Marg's Man Member

    Okay that was fun. Here's the translation:

    During the afternoon of last Christmas day some of our relatives visited for drinks over some barbecued sausages. When some time had passed the presents were opened and the chocolates, biscuits and other sweets were eaten. Then everyone drank some more beer. Mother became annoyed when Father and Steven had an aggressive argument which led to blows being traded.

    Marg added the bits I forgot to put in:
    "after the relos rocked up they had a chinwag" meaning "had a general catch up on gossip"
    and
    "And after lunch they had a spinebash. Except for the pisspots driving the porcelain bus."
    which in turns means:
    "After the meal some of them had a sleep except for the those who had drunk too much. They were leaning over the toilet bowl, heaving."

    Trinity you did very well but I claim that you had an unfair advantage. I mentioned work was multi-cultural - it is because I work at the University of Sydney and we get visitors from all over the world. Canadian English seems to be more like Australian than any other group (except of course the Kiwis), heck you even say 'zed' instead of 'zee' for that last letter of the alphabet.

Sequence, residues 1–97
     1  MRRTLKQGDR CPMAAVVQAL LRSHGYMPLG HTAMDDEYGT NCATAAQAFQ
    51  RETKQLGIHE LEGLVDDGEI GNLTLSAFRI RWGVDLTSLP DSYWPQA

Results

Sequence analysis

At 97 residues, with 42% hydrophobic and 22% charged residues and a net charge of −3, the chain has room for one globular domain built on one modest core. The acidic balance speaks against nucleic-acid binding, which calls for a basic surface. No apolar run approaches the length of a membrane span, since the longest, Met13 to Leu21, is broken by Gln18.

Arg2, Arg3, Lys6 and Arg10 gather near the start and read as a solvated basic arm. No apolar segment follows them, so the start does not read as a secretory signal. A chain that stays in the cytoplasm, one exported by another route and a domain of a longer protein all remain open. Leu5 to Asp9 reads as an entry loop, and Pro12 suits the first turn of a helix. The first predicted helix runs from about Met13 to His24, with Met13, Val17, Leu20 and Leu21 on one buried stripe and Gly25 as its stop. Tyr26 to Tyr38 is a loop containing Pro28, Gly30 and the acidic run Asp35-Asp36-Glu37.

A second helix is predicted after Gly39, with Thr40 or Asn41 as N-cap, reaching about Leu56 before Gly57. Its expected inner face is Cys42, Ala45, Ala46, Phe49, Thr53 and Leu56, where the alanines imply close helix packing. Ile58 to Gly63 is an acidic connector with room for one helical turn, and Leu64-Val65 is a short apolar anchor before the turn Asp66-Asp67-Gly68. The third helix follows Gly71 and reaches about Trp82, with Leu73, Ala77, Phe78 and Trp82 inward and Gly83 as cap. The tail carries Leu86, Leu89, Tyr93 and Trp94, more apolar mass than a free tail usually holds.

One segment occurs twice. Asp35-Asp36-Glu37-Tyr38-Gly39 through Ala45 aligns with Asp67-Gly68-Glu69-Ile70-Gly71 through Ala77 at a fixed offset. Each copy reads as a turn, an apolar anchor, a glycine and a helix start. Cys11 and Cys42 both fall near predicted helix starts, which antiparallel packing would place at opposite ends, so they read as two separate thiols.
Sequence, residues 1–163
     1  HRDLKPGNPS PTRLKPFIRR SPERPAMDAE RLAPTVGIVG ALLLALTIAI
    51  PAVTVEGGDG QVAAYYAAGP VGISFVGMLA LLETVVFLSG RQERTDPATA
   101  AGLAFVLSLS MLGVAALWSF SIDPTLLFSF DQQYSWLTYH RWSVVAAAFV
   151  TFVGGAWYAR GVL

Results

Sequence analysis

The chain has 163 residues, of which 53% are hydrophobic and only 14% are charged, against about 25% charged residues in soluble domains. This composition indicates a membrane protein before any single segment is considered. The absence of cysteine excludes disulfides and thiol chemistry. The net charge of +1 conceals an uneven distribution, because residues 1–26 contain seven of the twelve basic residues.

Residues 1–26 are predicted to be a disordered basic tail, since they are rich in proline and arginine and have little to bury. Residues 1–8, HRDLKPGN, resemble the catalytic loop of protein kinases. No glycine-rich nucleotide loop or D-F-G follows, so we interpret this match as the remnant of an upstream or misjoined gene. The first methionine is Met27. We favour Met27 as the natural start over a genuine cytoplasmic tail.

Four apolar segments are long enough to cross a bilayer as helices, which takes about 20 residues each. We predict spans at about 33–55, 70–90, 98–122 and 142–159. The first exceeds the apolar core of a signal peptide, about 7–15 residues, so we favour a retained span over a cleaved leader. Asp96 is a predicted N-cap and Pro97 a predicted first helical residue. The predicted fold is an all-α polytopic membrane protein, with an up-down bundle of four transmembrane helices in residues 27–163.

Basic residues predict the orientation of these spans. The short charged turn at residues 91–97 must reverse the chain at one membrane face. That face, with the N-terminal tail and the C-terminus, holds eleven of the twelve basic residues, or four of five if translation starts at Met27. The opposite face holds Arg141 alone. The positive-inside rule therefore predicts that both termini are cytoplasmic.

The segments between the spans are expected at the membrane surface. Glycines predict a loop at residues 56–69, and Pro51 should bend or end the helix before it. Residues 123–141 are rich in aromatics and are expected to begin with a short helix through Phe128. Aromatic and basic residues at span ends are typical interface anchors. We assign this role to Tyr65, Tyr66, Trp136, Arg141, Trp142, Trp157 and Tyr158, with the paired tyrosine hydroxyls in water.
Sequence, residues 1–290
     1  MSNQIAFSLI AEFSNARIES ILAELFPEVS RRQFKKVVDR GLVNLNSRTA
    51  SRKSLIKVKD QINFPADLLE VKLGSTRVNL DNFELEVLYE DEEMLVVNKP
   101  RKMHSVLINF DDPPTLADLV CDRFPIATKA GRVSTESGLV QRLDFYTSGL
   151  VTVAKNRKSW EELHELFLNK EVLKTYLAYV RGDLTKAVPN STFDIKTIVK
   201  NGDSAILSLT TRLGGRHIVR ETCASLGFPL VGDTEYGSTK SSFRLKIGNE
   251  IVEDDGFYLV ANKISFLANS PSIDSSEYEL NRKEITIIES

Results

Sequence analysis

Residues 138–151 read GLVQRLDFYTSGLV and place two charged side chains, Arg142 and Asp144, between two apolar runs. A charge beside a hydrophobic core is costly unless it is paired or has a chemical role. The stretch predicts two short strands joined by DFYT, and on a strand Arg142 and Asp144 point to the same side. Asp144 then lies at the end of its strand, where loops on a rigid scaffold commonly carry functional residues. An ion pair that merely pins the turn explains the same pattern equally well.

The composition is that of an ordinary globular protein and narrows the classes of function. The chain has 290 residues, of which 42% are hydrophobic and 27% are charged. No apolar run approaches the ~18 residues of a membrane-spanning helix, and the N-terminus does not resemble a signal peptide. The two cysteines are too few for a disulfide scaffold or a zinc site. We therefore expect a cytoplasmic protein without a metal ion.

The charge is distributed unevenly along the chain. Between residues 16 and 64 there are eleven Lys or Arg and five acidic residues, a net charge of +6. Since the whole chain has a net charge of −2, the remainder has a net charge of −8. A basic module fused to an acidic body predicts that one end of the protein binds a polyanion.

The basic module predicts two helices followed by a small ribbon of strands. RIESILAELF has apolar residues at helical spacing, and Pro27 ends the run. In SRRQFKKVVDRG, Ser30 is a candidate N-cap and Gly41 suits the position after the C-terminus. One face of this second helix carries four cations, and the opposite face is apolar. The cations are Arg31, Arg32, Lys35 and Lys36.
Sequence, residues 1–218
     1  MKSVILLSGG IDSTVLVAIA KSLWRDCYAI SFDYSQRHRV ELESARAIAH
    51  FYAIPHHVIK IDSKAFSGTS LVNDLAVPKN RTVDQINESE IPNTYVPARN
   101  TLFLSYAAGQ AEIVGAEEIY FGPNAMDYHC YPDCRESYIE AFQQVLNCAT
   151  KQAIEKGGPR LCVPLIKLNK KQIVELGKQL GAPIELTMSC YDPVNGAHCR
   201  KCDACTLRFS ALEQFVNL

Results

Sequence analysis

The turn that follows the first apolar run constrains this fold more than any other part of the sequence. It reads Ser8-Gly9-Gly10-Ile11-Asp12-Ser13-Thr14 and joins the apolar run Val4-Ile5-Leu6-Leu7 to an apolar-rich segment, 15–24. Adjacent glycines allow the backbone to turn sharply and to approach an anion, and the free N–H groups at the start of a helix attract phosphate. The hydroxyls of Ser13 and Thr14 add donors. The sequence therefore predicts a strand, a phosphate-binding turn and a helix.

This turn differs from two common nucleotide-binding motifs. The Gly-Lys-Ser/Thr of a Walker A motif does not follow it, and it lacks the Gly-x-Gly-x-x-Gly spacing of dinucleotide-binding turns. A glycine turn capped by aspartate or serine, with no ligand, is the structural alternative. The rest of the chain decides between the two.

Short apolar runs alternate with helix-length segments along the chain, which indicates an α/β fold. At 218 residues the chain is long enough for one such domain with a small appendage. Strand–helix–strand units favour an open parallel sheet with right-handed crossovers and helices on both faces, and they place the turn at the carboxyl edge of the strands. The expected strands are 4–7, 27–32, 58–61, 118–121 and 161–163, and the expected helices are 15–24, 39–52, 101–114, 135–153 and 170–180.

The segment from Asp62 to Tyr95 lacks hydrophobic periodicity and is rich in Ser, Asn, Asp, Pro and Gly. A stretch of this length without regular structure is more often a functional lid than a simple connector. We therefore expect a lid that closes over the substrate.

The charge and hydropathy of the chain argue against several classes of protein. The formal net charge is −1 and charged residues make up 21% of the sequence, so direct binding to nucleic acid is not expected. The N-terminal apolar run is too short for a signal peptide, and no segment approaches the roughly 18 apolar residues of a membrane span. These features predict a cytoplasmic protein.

Mstang climbed aboard Trinity's shoulders and made a good guess with 'relos'

    Andy got arvo

    gcvmom - no fair googling up snags as sausages but Trinity was a "good girl" for resisting Google to get spinebash.

    Witz gets bonus points for cheek, "having a nap". Indeed!
     
  16. trinityroyal

    trinityroyal Well-Known Member

    Marg's Man, thanks for the translation...I was wondering how it would all turn out.

    I agree that Canadian English (and in my case with bits of Brit and Caribbean thrown in just to confuse matters further) seems to be very close. I don't know a lot about Australian slang, but the turns of phrase just seem sort of familiar-ish.

    That was fun!